Math Awareness Month on April, 2020: What are my chances of getting into IMSA? (Illinois Math and Science Academy)?
April, 2020 is Math Awareness Month 2020. April 2013, MATH AWARENESS MONTH: MATHEMATICS of SUSTAINABILITY ... for Mathematics Awareness
I'm a sophomore (white girl from Chicago suburb) at IMSA and I would say that you have a REALLY good chance of getting in! You're just the type of person that IMSA looks for - you have the perfect GPA, extracurriculars, high SAT, interest in math/science, and commitment to academics. Don't worry about the lack of awards or involvement at IMSA. What they look for is a passion for math and science, which you have shown through your extracurriculars. Just remember to talk about your passion for math/science in your essays. When I applied to IMSA I didn't have any awards, math/science extracurriculars, or involovement at IMSA, so I think it was the grades, SAT, and essays that got me in. Now about the two majors ... I honestly don't know how that would count against you. You honestly have a good chance of getting in and I wouldn't worry about a thing. Good luck!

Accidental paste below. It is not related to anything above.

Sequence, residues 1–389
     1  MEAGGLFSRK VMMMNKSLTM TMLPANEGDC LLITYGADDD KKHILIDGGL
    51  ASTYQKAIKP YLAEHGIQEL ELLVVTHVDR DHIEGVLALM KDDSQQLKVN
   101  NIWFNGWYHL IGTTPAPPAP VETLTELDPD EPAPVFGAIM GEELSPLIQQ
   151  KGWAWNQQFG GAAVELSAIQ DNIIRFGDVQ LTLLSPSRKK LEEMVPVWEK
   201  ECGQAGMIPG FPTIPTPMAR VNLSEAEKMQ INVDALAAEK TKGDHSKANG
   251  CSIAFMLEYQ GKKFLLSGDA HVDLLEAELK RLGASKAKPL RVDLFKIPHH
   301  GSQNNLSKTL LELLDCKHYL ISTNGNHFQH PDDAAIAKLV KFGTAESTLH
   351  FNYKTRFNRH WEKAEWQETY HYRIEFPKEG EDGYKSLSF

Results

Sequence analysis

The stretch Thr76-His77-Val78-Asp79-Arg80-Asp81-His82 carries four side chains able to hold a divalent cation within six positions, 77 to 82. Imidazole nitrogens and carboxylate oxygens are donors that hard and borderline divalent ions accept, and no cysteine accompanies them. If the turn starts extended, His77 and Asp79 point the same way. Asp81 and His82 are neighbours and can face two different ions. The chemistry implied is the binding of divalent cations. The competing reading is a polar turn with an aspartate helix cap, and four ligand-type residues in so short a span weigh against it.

Won't something like White History Month be a scandal?Why so if there is Black History Month?
I don't like the idea of a group of people getting a month of recognition either. Apparently October is LGBT awareness month like February is Black history month. But we don't have a Straight awareness month or a White history month or an Asian awareness month.
You're right. It makes absolutely no sense. I'm not politically correct, but I do believe in equality. And promoting groups of people while not acknowledging other groups is not equal at all.
Teach my son how to read,write and do math hes only 4 years old?
Stories are a fun way to engage a 4 year old and teach him how to read and write. You could also use flash cards, slideshows, quizzes or even simple printables that you can get online. This works for developing math skills as well.
I've noticed that the quickest and most important part of a child's early learning happens before they turn 5. Hence you could use math games to develop your child's skills from single digit addition (like 1+2+3 or 2+4+6... in series ranging from 1 to 10) to gradually more advanced sums.
Take it one step at a time. For reading, writing and even speaking skills, I start with the phonemic awareness method before moving to whole language.